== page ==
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Is there an 8MB limit somewhere?

Discussion in 'Support' started by vefatica, Jun 18, 2012.

  1. vefatica

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    Using this alias (to reverse output lines):
    Code:
    v:\> alias tac
    ffind /e"\r\n" /r /v /m /k
    this command correctly produces 8388 1000-byte lines (just under 8MB) and the alias correctly reverses those lines
    Code:
    v:\> (do x=1000001 to 1008388 ( echo %x %@repeat[x,990] ) ) | tac > tac1.txt
    This command attempts the same for 8389 such lines (just over 8MB) and somehow fails
    Code:
    v:\> (do x=1000001 to 1008389 ( echo %x %@repeat[x,990] ) ) | tac > tac2.txt
    The file sizes and the tails of the files show something went awry:
    Code:
    v:\> dir /k /m tac*
    2012-06-18  21:51      8,388,000  tac1.txt
    2012-06-18  21:52      8,388,698  tac2.txt
     
    v:\> tail /n1 tac1.txt
    1000001 xxxxxxxxxxxxxxxxxxxxxxxxxxxxxxxxxxxxxxxxxxxxxxxxxxxxxxxxxxxxxxxxxxxxxxxx
    xxxxxxxxxxxxxxxxxxxxxxxxxxxxxxxxxxxxxxxxxxxxxxxxxxxxxxxxxxxxxxxxxxxxxxxxxxxxxxxx
    xxxxxxxxxxxxxxxxxxxxxxxxxxxxxxxxxxxxxxxxxxxxxxxxxxxxxxxxxxxxxxxxxxxxxxxxxxxxxxxx
    xxxxxxxxxxxxxxxxxxxxxxxxxxxxxxxxxxxxxxxxxxxxxxxxxxxxxxxxxxxxxxxxxxxxxxxxxxxxxxxx
    xxxxxxxxxxxxxxxxxxxxxxxxxxxxxxxxxxxxxxxxxxxxxxxxxxxxxxxxxxxxxxxxxxxxxxxxxxxxxxxx
    xxxxxxxxxxxxxxxxxxxxxxxxxxxxxxxxxxxxxxxxxxxxxxxxxxxxxxxxxxxxxxxxxxxxxxxxxxxxxxxx
    xxxxxxxxxxxxxxxxxxxxxxxxxxxxxxxxxxxxxxxxxxxxxxxxxxxxxxxxxxxxxxxxxxxxxxxxxxxxxxxx
    xxxxxxxxxxxxxxxxxxxxxxxxxxxxxxxxxxxxxxxxxxxxxxxxxxxxxxxxxxxxxxxxxxxxxxxxxxxxxxxx
    xxxxxxxxxxxxxxxxxxxxxxxxxxxxxxxxxxxxxxxxxxxxxxxxxxxxxxxxxxxxxxxxxxxxxxxxxxxxxxxx
    xxxxxxxxxxxxxxxxxxxxxxxxxxxxxxxxxxxxxxxxxxxxxxxxxxxxxxxxxxxxxxxxxxxxxxxxxxxxxxxx
    xxxxxxxxxxxxxxxxxxxxxxxxxxxxxxxxxxxxxxxxxxxxxxxxxxxxxxxxxxxxxxxxxxxxxxxxxxxxxxxx
    xxxxxxxxxxxxxxxxxxxxxxxxxxxxxxxxxxxxxxxxxxxxxxxxxxxxxxxxxxxxxxxxxxxxxxxxxxxxxxxx
    xxxxxxxxxxxxxxxxxxxxxxxxxxxxxxxxxxxxxx
     
    v:\> tail /n2 tac2.txt
    1004196 xxxxxxxxxxxxxxxxxxxxxxxxxxxxxxxxxxxxxxxxxxxxxxxxxxxxxxxxxxxxxxxxxxxxxxxx
    xxxxxxxxxxxxxxxxxxxxxxxxxxxxxxxxxxxxxxxxxxxxxxxxxxxxxxxxxxxxxxxxxxxxxxxxxxxxxxxx
    xxxxxxxxxxxxxxxxxxxxxxxxxxxxxxxxxxxxxxxxxxxxxxxxxxxxxxxxxxxxxxxxxxxxxxxxxxxxxxxx
    xxxxxxxxxxxxxxxxxxxxxxxxxxxxxxxxxxxxxxxxxxxxxxxxxxxxxxxxxxxxxxxxxxxxxxxxxxxxxxxx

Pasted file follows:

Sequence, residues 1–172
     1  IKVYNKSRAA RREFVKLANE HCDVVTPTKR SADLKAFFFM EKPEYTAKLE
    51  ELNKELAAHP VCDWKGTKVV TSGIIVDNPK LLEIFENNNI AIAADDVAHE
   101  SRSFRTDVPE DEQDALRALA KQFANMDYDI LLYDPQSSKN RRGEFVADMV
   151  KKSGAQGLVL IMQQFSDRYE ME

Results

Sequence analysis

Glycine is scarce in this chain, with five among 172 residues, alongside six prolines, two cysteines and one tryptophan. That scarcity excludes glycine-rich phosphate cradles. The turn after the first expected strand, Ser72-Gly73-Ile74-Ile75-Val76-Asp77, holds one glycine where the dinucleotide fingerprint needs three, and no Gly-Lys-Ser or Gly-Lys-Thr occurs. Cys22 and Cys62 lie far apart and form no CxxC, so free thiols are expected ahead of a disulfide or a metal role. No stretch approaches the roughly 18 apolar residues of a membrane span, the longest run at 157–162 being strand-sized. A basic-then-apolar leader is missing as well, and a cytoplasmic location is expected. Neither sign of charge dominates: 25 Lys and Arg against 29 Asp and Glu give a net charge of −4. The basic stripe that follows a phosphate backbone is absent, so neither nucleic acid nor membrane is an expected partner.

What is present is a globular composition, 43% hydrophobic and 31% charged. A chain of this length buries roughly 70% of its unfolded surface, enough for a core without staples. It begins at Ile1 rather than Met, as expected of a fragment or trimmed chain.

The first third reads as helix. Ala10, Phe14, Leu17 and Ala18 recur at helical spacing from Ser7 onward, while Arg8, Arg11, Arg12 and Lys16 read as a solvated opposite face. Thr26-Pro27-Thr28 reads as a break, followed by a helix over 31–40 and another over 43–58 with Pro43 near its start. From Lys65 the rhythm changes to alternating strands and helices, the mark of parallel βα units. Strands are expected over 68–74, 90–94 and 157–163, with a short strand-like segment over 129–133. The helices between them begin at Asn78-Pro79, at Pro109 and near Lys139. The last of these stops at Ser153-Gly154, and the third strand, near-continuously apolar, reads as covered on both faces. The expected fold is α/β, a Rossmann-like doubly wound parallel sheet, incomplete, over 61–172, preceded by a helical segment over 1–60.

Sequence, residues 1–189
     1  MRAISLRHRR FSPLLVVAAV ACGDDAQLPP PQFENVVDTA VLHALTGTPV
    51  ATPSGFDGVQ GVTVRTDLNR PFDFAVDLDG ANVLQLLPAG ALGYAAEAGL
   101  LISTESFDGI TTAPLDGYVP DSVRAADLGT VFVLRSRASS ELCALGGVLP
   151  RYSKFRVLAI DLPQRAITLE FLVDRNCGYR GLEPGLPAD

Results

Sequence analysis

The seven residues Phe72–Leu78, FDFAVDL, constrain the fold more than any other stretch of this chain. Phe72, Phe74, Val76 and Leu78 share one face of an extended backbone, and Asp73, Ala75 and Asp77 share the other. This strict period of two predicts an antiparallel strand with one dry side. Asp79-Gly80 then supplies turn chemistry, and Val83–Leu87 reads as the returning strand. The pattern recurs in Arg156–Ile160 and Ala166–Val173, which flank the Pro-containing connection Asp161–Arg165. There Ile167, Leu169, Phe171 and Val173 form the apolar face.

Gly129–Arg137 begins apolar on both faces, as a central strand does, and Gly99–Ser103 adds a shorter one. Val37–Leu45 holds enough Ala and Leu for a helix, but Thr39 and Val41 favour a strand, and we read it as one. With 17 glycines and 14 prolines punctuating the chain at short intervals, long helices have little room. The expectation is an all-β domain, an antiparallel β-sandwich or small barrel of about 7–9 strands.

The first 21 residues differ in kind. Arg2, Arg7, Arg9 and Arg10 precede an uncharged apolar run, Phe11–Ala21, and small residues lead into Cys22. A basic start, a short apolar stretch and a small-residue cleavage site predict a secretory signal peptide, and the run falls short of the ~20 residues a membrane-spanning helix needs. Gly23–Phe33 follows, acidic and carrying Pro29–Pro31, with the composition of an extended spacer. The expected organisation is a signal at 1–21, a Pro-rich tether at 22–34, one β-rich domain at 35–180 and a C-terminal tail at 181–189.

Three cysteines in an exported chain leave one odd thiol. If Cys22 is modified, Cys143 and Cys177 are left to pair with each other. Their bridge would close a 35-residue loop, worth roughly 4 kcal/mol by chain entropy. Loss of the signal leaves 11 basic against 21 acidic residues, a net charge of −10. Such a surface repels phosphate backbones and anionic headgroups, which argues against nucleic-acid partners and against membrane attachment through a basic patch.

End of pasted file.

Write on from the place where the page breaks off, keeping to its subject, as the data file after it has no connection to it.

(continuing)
xxxxxxxxxxxxxxxxxxxxxxxxxxxxxxxxxxxxxxxxxxxxxxxxxxxxxxxxxxxxxxxxxxxxxxxxxxxxxxxx
    xxxxxxxxxxxxxxxxxxxxxxxxxxxxxxxxxxxxxxxxxxxxxxxxxxxxxxxxxxxxxxxxxxxxxxxxxxxxxxxx
    xxxxxxxxxxxxxxxxxxxxxxxxxxxxxxxxxxxxxxxxxxxxxxxxxxxxxxxxxxxxxxxxxxxxxxxxxxxxxxxx
    xxxxxxxxxxxxxxxxxxxxxxxxxxxxxxxxxxxxxxxxxxxxxxxxxxxxxxxxxxxxxxxxxxxxxxxxxxxxxxxx
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    xxxxxxxxxxxxxxxxxxxxxxxxxxxxxxxxxxxxxxxxxxxxxxxxxxxxxxxxxxxxxxxxxxxxxxxxxxxxxxxx
    xxxxxxxxxxxxxxxxxxxxxxxxxxxxxxxxxxxxxx
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  2. vefatica

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    It's a little interesting how the bad file is corrupt. The first 4194 lines (lines numbered 1008389 through 1004196 from DO's output are correct. The next line of the file is 1008389 (again!) and has two extra x's. Then the lines then go in order (with the correct number of x's) from 1008388 down to 1004196 (again) with the next line, the last line of the file, having no numerical prefix and 694 x's followed by a CRLF.
     
  3. JohnQSmith

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    Upgrade to a new version of tac. Mine works fine. Even for much bigger numbers.
    Code:
    z:\>(do x=1000001 to 1128389 ( echo %x %@repeat[x,990] ) ) | tac > tac2.txt
     
    z:\> *dir /k /m tac*
    6/19/2012  08:34      8,388,000  tac1.txt
    6/19/2012  08:39    128,389,000  tac2.txt
     
  4. Stefano Piccardi

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    his tac is an alias
     
  5. Stefano Piccardi

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    Vince, getting rid of pipes in your example results in an apparently infinite loop in FFIND - see size of tac2.txt after breaking out of the apparently stuck FFIND with Ctrl+C.
    Windows 7 SP1 x86 English TCC 14.00.23
    Code: